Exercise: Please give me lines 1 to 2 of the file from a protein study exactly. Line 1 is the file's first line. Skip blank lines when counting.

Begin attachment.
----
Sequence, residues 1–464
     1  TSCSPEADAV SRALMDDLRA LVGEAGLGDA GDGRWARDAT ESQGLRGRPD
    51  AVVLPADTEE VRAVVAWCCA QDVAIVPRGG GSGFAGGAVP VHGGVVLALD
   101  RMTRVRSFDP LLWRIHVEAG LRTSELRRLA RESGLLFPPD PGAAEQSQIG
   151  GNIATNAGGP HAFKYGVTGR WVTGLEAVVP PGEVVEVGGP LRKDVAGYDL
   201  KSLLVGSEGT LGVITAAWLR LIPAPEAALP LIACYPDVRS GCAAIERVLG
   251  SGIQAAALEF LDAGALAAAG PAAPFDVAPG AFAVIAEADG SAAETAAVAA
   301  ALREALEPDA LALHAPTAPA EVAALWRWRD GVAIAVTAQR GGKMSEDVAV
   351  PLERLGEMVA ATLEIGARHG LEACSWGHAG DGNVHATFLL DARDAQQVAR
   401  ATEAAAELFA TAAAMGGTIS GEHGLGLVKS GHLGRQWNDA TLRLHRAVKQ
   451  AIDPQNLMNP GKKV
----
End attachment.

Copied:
Sequence, residues 1–464
     1  TSCSPEADAV SRALMDDLRA LVGEAGLGDA GDGRWARDAT ESQGLRGRPD